Hundreds of members of the Taoyuan Flight Attendants Union unleashed a hail of eggs on China Airlines’ headquarters in Taipei yesterday, as the union threatened to escalate its action and file a lawsuit if the corporation refuses to enforce the “anti-free-riding” provisions of a labor agreement by the end of the month.
Egg yolk dripped off the firm’s logo as union members called the company “shameless,” saying it had “killed its integrity” following a breakdown in negotiations over extending the benefits won by striking union members to members of a separate union from which the Taoyuan Flight Attendants Union split after alleging it was too deferential to the firm’s management.
The other union did not participate in a strike in June which saw Taoyuan Flight Attendants Union members win a pay increase for being stationed overseas, but its members were also given the pay raise shortly afterward following negotiations with the firm’s management.
“We initially tried to be noble in carrying out the terms of the agreement, but the company has used all sorts of weaselly methods to avoid keeping its word,” Taoyuan Flight Attendants Union secretary-general Lin Chia-wei (林佳瑋) said, criticizing the company for canceling the “anti-free-riding” provision of the agreement it signed with the Taoyuan Flight Attendants Union.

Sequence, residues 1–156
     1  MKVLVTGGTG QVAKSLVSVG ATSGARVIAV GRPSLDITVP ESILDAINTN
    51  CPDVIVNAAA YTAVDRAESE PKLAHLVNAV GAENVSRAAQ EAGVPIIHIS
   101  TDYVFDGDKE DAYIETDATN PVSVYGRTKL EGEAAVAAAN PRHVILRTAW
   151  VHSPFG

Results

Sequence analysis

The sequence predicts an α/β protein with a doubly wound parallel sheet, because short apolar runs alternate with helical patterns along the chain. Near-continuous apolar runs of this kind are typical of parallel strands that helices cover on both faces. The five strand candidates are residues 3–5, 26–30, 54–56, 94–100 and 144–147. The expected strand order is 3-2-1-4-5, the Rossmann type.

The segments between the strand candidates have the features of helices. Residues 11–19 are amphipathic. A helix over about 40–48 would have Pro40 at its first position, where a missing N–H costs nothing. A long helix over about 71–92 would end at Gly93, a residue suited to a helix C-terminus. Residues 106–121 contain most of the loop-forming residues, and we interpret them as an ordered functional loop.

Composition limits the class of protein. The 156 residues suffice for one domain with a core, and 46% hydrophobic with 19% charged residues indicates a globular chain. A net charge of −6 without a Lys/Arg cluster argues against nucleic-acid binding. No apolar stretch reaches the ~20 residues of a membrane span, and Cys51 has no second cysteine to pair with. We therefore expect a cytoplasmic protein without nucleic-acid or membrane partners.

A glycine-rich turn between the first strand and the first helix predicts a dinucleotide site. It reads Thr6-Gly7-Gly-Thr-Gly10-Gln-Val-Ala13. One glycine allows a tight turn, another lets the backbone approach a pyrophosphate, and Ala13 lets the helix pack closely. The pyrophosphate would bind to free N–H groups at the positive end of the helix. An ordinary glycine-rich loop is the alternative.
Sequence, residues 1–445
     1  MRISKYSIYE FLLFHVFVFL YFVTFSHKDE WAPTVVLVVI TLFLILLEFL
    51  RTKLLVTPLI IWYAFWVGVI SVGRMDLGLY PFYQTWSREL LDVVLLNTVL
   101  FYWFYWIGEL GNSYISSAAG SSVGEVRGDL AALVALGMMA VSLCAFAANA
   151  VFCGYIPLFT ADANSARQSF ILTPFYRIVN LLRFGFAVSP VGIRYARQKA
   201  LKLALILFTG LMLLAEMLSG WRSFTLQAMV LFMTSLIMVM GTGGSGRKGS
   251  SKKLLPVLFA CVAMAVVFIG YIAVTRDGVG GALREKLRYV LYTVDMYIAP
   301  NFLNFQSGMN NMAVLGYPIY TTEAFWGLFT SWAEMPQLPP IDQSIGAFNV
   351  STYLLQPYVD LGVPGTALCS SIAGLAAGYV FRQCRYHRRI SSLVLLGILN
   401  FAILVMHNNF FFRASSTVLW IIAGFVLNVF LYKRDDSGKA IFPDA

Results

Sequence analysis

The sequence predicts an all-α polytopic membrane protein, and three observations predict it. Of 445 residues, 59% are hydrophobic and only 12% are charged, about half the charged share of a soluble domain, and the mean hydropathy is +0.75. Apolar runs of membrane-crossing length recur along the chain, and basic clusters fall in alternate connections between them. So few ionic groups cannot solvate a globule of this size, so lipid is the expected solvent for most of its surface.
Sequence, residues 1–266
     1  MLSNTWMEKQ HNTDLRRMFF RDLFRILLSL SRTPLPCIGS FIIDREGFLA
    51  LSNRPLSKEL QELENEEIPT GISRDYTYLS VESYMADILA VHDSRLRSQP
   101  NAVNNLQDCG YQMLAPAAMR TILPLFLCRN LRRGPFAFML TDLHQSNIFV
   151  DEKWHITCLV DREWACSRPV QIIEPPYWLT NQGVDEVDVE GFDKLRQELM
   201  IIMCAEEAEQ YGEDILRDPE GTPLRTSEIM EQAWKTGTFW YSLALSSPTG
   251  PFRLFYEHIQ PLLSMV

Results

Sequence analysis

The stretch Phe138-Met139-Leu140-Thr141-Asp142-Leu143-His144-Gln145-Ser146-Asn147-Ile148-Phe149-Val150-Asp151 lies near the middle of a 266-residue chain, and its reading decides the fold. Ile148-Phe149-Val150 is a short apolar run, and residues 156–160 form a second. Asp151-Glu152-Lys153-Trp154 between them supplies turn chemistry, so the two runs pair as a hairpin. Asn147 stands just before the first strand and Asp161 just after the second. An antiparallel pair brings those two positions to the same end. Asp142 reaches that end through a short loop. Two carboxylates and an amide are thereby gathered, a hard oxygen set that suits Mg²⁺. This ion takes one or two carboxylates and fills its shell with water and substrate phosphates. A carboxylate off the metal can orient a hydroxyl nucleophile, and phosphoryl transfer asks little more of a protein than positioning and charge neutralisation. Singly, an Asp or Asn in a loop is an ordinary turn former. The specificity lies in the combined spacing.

“We welcome increases in overseas pay for other workers, but those increases should have seen our members get an additional US$2 increase under the terms of the agreement,” Lin said, adding that the Taoyuan Flight Attendants Union agreement should take precedent because it has a stronger claim to represent flight attendants.
She added that the union would escalate its action against the firm if its demands are not met by the end of the month.
Lawyer Wu Chun-ta (吳俊達) said that the union plans to file a lawsuit and apply for Ministry of Labor adjudication next month if the agreement is not enforced.
“The only thing that is foreseeable is that labor relations will be deadlocked as ‘flames of war’ pop up everywhere,” union president Chao Kang (趙剛) said, adding that the company’s dishonesty would call into question any future promises.
Union vice president Steven Chang (張書元) said that the company had transformed itself from a “sweatshop” into a “scam operation,” while union members shouted that they were “not afraid of another fight.”
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